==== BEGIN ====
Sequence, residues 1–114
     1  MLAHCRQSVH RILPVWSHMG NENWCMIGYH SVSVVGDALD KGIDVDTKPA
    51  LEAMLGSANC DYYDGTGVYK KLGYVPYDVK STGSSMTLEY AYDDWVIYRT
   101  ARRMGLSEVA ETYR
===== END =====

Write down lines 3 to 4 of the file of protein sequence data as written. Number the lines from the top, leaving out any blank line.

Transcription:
    51  LEAMLGSANC DYYDGTGVYK KLGYVPYDVK STGSSMTLEY AYDDWVIYRT
   101  ARRMGLSEVA ETYR